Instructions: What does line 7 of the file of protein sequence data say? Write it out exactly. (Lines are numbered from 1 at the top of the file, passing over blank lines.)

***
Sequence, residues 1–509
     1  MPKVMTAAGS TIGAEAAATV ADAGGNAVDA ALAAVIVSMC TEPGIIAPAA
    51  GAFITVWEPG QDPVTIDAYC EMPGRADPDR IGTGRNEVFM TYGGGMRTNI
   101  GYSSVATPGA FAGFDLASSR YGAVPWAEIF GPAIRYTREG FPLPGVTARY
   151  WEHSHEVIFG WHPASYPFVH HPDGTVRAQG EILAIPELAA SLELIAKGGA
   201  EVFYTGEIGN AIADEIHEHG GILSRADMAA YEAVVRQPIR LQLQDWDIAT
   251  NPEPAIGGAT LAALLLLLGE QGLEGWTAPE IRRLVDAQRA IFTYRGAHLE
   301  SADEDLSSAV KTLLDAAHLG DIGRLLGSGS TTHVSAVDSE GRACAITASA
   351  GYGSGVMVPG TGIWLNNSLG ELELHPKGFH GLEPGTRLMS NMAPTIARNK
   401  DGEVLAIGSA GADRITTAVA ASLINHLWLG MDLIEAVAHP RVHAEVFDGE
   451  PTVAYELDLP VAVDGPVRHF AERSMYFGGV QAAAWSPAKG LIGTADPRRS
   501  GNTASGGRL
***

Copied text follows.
   251  NPEPAIGGAT LAALLLLLGE QGLEGWTAPE IRRLVDAQRA IFTYRGAHLE